The need for change is in the air, and exchange traded funds (ETFs) are reflecting this as alternative energy creeps into the consciousness of the mainstream.
Many investors are betting on which alternative energy funds and stocks are going to get pushed around by the swings in oil prices, says Jeff Tjornehoj, a Lipper analyst. The ETF is gaining popularity because it is granular, giving options such as solar, nuclear power, biofuels or wind, in an isolated manner, reports J. Alex Tarquino for The New York Times. Mutual funds have not given these choices to investors yet.
It will be a long time before nay of thees industries actually displace the oil industry, but they could be the next big trend. Many alternative energy companies are small-scale, and the industry is a “fledgling” industry.
Oil prices will have an influence over this industry, as oil that is over $100 a barrel is sure to spark interest more than oil prices perched at $10 per barrel. There are many alternative energy sources to consider and which one will gain the most traction is still up in the air.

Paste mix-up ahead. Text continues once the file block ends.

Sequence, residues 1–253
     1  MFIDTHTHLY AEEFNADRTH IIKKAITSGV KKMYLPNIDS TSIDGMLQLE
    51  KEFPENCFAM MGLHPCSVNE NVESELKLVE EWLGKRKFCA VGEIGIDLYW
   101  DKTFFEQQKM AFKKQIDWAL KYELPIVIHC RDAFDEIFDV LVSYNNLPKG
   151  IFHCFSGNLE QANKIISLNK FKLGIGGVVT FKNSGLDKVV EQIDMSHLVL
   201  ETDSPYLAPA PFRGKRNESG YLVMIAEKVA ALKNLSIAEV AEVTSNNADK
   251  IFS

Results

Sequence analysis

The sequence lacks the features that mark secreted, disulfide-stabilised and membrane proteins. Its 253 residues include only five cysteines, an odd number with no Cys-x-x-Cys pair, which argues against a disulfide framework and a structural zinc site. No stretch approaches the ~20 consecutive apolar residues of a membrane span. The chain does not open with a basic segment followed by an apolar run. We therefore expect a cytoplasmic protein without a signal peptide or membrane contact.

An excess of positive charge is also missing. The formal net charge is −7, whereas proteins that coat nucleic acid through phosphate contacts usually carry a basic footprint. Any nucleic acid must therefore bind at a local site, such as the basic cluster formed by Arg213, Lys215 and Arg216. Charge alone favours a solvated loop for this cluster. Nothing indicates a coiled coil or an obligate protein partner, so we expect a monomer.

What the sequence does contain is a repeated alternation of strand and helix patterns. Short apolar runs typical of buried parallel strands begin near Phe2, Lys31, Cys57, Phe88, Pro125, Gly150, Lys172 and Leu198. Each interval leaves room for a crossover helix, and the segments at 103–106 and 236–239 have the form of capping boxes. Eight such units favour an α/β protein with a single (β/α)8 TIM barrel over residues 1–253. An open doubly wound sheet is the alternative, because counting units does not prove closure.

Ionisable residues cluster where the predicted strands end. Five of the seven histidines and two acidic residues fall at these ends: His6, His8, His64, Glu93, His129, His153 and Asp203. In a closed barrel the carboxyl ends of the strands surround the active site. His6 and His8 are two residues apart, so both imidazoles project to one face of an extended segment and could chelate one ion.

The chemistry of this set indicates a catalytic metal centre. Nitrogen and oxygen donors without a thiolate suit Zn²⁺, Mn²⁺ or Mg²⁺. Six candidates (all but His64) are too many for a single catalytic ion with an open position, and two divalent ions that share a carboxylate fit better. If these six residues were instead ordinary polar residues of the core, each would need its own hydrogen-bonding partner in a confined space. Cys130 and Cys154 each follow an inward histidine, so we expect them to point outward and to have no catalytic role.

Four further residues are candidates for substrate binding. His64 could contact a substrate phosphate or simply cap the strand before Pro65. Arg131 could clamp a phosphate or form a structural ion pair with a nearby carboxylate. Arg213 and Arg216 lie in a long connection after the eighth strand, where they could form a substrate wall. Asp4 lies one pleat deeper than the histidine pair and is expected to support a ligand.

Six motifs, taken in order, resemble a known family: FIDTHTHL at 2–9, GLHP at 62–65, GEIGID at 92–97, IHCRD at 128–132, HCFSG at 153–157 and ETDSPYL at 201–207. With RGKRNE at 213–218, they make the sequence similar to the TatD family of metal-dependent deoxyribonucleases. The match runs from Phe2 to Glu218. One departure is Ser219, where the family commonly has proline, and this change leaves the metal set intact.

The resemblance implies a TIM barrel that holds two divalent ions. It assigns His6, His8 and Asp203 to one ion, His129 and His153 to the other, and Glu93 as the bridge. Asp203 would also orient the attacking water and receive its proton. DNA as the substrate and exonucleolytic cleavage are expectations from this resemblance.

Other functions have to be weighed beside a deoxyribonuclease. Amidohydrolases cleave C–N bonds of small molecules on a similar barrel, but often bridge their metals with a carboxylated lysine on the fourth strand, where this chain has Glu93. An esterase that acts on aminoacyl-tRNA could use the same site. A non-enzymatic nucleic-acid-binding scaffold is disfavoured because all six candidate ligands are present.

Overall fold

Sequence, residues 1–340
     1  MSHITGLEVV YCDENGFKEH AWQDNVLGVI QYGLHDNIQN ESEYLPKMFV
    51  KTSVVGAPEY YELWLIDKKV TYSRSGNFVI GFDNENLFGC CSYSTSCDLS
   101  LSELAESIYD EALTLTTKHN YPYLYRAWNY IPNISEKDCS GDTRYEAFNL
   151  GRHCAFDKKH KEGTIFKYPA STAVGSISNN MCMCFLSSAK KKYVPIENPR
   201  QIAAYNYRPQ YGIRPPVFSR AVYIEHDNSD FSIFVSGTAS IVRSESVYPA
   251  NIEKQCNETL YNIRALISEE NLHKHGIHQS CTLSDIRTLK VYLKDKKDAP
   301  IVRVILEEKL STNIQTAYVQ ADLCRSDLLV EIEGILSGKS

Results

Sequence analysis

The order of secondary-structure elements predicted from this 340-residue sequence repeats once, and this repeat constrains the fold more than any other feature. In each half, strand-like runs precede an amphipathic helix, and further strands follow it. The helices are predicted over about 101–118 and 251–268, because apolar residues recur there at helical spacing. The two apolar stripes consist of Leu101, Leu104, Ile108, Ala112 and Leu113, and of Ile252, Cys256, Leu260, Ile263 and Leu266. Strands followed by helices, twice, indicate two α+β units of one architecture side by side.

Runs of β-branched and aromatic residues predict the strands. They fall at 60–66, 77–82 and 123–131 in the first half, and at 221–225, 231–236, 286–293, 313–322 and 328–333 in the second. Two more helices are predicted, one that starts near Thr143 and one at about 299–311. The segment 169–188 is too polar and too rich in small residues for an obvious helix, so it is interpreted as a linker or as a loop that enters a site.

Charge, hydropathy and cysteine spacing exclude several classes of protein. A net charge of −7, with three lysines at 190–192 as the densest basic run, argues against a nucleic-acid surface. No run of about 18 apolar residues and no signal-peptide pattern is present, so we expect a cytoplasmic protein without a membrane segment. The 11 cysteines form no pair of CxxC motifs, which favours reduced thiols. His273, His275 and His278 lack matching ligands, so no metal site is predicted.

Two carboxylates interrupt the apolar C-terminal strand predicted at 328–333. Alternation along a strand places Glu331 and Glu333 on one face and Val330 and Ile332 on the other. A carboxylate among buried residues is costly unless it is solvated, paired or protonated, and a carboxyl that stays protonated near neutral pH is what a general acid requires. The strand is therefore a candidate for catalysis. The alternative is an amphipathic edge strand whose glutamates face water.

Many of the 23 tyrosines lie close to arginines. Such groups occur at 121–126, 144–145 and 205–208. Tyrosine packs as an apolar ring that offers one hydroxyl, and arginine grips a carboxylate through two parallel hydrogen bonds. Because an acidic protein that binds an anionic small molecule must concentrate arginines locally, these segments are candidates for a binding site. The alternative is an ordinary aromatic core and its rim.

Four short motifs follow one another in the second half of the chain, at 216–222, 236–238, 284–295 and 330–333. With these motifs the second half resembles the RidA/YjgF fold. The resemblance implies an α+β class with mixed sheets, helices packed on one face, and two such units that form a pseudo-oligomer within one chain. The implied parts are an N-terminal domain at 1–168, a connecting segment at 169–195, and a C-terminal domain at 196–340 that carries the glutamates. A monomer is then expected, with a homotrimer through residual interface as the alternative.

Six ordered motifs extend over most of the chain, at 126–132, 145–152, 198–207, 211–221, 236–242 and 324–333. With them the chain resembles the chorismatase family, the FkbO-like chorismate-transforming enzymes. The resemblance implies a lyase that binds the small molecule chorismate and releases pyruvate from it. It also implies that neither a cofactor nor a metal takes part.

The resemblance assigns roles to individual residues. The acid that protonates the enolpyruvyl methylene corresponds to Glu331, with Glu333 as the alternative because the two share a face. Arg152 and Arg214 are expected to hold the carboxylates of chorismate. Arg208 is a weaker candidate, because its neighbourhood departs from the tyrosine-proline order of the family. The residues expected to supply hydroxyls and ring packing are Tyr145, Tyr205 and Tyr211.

Could alternative energy become a driving force toward an economic recovery? Sen. Barack Obama has pledged to create new jobs, in part, through an investment in alternative energy technologies, reports Michael Mccord for Seacoast Online. If any such plan does come through, perhaps we’ll see the unemployment rate sink lower.
- Claymore/MAC Global Solar Energy (TAN), down 46.9% since April 15 inception (black line)
- PowerShares Global Wind Energy (PWND), down 43.4% since July 8 inception (green line)
The opinions and forecasts expressed herein are solely those of Tom Lydon, and may not actually come to pass. Mr. Lydon serves as an independent trustee of certain mutual funds and ETFs that are managed by Guggenheim Investments; however, any opinions or forecasts expressed herein are solely those of Mr. Lydon and not those of Guggenheim Funds, Guggenheim Investments, Guggenheim Specialized Products, LLC or any of their affiliates. Information on this site should not be used or construed as an offer to sell, a solicitation of an offer to buy, or a recommendation for any product.